The new round of funding will be invested in part in hiring of new staff for the company’s channel-facing team, according to Nayyar. The company is aiming to boost its revenue from “channel-led and influenced deals” by 300 percent in 2023 compared to last year, he said.

In December, Nayyar stepped down as CEO of Securonix, which he‘d also founded.

Snyk Gets Funding From ServiceNow

One of the few other security industry funding announcements in January was made by developer security tools company Snyk, which disclosed it has raised $25 million in funding from tech industry giant ServiceNow. In a news release, Snyk CEO Peter McKay (pictured) noted that ServiceNow was a customer and partner before becoming an investor, and “the ServiceNow team has proven their determination to shift enterprises away from slow, burdensome legacy cybersecurity approaches, allowing more resourceful global companies to embrace a modern, developer-centric security mindset.” Snyk also announced an integration with ServiceNow’s Vulnerability Response product.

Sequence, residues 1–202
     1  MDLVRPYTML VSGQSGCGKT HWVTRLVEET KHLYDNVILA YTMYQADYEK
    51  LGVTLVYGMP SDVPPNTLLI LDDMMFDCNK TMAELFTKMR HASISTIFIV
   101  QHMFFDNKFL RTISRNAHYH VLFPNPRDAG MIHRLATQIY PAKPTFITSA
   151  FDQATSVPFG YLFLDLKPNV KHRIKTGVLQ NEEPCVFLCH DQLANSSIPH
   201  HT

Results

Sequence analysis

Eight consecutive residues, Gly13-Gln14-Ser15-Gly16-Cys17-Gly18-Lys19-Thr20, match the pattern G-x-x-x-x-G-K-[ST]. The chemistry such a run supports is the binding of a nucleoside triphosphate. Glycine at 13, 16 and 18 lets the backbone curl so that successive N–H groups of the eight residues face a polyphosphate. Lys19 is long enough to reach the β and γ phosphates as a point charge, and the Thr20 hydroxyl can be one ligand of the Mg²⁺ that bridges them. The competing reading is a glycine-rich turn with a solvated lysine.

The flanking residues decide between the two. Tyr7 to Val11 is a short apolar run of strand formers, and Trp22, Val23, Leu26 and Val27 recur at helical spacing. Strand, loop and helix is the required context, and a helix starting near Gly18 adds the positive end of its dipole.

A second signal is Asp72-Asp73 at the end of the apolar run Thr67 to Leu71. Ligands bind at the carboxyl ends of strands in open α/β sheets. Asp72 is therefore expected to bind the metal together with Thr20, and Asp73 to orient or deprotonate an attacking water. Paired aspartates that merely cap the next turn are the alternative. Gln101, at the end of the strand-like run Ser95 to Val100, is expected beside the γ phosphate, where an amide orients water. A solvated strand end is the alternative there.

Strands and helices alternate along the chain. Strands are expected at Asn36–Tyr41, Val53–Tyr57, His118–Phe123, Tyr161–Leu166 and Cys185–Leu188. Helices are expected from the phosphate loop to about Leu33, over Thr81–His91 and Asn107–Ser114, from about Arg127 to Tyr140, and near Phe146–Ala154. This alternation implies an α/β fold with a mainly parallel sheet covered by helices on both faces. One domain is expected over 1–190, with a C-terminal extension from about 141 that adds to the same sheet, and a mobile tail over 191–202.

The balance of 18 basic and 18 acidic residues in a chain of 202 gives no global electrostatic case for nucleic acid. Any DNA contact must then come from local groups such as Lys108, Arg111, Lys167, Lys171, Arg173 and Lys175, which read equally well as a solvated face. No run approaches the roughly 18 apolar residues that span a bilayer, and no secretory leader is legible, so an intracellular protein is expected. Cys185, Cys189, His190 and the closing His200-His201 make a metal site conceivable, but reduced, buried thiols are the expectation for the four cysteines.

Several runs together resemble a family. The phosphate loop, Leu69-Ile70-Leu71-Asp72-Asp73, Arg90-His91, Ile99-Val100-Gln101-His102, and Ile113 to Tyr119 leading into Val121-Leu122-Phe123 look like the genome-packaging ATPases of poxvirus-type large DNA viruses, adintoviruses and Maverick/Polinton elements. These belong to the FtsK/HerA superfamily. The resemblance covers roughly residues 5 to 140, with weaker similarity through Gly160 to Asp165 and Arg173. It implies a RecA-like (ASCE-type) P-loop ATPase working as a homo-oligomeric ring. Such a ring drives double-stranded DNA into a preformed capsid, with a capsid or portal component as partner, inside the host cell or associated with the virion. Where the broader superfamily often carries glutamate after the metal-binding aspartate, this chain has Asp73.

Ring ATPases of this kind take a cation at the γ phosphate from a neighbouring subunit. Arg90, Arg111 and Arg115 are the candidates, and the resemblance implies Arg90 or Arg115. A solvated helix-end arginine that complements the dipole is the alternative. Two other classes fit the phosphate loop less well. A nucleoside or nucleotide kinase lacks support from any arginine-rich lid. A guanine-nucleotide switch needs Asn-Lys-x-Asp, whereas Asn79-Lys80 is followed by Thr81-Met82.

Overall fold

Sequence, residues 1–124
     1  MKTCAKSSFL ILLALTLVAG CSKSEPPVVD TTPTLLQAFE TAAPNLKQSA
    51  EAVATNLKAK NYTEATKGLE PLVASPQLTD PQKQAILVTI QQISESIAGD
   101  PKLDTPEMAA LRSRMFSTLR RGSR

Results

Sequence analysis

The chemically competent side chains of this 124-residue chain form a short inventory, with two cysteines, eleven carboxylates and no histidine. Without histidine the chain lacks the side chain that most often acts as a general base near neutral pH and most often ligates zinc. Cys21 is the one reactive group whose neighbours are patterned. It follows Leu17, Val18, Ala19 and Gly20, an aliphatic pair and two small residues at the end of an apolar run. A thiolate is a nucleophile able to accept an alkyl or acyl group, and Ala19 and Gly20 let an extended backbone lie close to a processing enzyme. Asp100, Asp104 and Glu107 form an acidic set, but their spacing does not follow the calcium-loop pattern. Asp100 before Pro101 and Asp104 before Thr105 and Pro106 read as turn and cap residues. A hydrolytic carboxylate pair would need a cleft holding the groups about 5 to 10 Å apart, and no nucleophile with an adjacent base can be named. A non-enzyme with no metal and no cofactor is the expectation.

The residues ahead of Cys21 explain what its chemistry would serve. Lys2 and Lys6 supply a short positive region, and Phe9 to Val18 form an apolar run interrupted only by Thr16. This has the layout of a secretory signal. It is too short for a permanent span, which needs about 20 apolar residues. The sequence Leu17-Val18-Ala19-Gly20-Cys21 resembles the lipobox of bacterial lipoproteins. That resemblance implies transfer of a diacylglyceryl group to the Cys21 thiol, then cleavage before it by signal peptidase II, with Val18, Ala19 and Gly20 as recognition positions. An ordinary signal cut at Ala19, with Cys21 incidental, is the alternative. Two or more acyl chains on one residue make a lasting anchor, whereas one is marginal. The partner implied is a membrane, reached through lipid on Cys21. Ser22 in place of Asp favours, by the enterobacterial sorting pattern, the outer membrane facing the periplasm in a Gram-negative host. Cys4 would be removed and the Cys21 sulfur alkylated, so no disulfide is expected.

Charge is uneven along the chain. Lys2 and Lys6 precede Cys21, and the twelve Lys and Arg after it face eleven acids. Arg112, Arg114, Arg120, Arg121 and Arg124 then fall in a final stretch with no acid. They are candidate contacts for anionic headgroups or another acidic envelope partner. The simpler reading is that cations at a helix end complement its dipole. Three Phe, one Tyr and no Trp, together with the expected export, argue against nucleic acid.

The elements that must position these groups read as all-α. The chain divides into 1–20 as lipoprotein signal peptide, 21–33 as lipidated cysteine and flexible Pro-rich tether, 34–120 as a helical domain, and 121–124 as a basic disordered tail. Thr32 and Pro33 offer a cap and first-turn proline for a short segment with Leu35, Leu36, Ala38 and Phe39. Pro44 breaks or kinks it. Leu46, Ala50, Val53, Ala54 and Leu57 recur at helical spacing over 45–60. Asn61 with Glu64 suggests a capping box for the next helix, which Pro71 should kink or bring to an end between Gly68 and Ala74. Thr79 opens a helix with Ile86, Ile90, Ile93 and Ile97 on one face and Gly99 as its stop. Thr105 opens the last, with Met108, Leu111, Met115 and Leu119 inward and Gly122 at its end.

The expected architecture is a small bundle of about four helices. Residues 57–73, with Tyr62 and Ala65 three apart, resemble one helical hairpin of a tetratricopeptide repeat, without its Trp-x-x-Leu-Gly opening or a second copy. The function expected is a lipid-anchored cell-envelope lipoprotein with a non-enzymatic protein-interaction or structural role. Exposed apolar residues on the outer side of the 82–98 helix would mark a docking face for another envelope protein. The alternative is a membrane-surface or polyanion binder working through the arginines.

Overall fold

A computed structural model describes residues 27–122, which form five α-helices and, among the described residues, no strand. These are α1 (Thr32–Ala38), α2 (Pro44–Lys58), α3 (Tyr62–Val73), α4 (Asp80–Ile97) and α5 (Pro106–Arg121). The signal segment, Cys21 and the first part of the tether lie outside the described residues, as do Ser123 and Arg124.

The investment followed Snyk’s $196.5 million Series G round of funding in December, which saw the company’s valuation lowered to $7.4 billion from $8.5 billion previously.

Arctic Wolf Boosts Cyber Incident Response With New Offering For Partners

Security operations platform provider Arctic Wolf unveiled a new offering that will allow partners to more easily supply their customers with rapid cyber incident response services. Arctic Wolf unveiled the launch of a retainer option for its cyber incident response services, which partners can provide to their customers, including as part of a managed services package. The Arctic Wolf Incident Response JumpStart Retainer features benefits such as a guarantee that cyber incidents will receive a response within one hour, backed by a service-level agreement.

This response time guarantee is enabled in part by the fact that the rates for the service have already been prenegotiated with insurance companies, which expedites a part of the process that can often be drawn out, according to Jay Pasteris, CIO and CISO at GreenPages, No. 169 on the 2022 CRN Solution Provider 500.